The highly divisive nature of the elections played out time and again on social media, with polarising, insidious, and fabricated content being shared with impunity, despite the best efforts of fact-checking coalitions and social media companies. While there are as yet no reliable reports about its precise impact on the electoral outcome, what is not in doubt is the huge influence wielded by social media on political communication, public discourse, and democratic engagement.
The uncritical and unethical use of social media is something that India’s new policymakers will have to deal with in a systematic and enlightened manner. To begin with, social media should be used to heal the bitter divides from the election campaign. This can be done by building on Modi’s speech to the BJP-led alliance, the National Democratic Alliance (NDA), in parliament on 26 May 2019, where he reached out to India’s minorities.
Using social media to assuage fears of the minorities, the international community, and, indeed, India’s beleaguered liberals that the new government is serious about its promise of earning everyone’s trust (Sabka Vishwas) is low-hanging fruit. It would go a long way in resuscitating the idea of communal harmony that was drowned out during the elections.
In fact, using social media in a constructive and dialogic way is a task for all political parties, which assumes urgency in light of the upcoming Assembly elections in four states. Here, the BJP and its allies, with their overwhelming national mandate, can take the lead to stem the misuse of social media, both in-house and across the political landscape, in conversation with other political parties.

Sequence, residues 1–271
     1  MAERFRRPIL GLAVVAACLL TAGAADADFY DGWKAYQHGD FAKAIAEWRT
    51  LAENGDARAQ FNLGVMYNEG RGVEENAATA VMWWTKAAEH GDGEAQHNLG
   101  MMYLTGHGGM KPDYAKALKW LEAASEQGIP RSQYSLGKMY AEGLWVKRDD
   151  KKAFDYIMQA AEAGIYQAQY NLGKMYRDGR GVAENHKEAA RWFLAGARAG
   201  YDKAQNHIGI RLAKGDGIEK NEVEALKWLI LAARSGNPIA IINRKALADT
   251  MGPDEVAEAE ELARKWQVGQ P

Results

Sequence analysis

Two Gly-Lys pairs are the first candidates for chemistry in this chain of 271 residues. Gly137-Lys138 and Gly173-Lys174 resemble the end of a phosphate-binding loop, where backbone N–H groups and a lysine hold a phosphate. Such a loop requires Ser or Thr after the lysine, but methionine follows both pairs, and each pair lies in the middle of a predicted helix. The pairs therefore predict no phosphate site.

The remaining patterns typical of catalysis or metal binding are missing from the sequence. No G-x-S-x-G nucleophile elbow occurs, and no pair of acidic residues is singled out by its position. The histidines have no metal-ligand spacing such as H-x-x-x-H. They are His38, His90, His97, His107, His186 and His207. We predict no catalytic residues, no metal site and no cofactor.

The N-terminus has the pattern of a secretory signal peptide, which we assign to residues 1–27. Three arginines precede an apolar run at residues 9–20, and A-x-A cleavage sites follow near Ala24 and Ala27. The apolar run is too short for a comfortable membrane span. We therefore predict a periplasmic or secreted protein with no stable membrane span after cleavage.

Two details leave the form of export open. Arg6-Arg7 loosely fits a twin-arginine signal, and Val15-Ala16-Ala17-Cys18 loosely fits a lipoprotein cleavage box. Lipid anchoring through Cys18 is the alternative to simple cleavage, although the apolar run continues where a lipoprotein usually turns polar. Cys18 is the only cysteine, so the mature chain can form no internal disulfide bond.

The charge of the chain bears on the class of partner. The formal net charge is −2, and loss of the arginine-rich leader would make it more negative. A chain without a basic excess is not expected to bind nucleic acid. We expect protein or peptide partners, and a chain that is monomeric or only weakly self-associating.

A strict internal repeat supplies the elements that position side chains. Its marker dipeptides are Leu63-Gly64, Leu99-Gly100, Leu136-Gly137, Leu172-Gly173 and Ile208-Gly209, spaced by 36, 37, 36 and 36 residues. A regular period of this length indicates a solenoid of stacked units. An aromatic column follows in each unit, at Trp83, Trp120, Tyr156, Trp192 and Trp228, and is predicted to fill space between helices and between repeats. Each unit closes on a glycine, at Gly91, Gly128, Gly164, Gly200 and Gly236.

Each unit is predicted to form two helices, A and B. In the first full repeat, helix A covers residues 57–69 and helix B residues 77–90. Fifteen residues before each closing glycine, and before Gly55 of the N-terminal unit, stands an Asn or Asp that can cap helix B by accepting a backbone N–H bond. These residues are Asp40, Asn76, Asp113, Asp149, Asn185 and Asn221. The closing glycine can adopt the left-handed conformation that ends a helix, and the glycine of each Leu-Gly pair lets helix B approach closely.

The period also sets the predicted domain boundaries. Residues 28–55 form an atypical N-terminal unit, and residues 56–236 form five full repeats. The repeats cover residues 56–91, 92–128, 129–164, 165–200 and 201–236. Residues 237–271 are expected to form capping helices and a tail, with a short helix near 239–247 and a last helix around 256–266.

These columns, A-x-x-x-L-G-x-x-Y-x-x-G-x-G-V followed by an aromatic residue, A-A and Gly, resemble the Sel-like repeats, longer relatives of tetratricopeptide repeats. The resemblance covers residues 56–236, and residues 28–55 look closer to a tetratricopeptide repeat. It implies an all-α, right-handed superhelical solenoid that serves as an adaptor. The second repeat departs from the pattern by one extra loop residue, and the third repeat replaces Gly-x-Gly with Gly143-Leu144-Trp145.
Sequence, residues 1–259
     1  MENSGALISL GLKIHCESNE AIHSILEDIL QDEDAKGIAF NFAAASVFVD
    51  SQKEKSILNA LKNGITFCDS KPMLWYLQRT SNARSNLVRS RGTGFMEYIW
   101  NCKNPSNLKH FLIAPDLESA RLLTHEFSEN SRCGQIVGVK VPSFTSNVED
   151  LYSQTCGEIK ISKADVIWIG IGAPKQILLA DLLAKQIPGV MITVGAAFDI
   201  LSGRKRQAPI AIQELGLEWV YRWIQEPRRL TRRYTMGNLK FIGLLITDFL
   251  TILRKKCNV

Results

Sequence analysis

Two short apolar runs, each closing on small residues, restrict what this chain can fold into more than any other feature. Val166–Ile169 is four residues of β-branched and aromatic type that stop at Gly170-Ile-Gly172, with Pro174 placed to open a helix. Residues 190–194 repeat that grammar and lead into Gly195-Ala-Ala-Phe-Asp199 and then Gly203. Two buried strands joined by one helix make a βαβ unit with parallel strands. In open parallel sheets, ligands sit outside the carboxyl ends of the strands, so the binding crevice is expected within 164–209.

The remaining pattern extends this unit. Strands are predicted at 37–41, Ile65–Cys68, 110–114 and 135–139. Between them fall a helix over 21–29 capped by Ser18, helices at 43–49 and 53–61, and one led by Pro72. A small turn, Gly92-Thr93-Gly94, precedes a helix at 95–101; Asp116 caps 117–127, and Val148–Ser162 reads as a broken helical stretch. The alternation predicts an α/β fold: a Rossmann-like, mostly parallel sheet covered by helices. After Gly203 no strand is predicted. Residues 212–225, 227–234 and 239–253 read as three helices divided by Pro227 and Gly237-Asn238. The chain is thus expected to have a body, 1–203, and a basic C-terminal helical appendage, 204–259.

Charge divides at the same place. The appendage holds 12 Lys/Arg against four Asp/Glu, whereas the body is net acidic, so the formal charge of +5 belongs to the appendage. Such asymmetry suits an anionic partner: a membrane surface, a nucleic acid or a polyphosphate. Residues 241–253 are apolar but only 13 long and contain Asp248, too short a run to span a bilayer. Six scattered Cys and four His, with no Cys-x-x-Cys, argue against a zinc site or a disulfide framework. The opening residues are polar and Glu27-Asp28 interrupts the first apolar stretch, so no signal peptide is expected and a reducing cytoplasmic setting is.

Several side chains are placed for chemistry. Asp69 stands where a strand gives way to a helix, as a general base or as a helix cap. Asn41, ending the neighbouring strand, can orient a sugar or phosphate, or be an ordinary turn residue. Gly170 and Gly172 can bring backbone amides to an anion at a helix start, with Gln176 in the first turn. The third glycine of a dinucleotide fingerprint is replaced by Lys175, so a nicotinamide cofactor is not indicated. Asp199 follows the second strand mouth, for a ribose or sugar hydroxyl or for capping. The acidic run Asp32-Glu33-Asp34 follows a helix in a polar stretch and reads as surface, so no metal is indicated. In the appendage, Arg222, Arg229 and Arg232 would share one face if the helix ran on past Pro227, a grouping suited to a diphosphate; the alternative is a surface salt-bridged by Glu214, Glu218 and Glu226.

There is also much work to be done – and swiftly – to counter other detrimental effects of social media use. India’s political class will need to determine mechanisms to fight misinformation and fake news, adopting a holistic, rather than a merely regulatory, approach. One aspect involves developing and promoting critical digital literacy on a national scale, beginning at the primary school level, and involving public and private institutions, while working within a national mandate. Here, India can learn from Singapore, where the government has been working with multiple stakeholders to strengthen digital literacy from the ground up.
India’s policymakers will also have to simultaneously enact (or amend) laws that fight fake news and misinformation, trolling and hate speech, and protect data privacy while safeguarding citizens’ freedom of speech. As the recent case involving an ‘offending’ meme of West Bengal Chief Minister Mamata Banerjee shows, there is an urgent need to revamp information technology-related laws to protect Indian citizens from the sensitivities of the political class.
To ensure a balance between regulation and rights, the government should involve civil society, including academia, think-tanks, not-for-profit and community-based organizations; the private sector; and interested citizens in its policymaking efforts. The new NDA government has the opportunity to stem the detrimental effects of social media that were in full display during the elections – nothing less than the security and stability of the country rest on it.
Source: Institute of South Asian Studies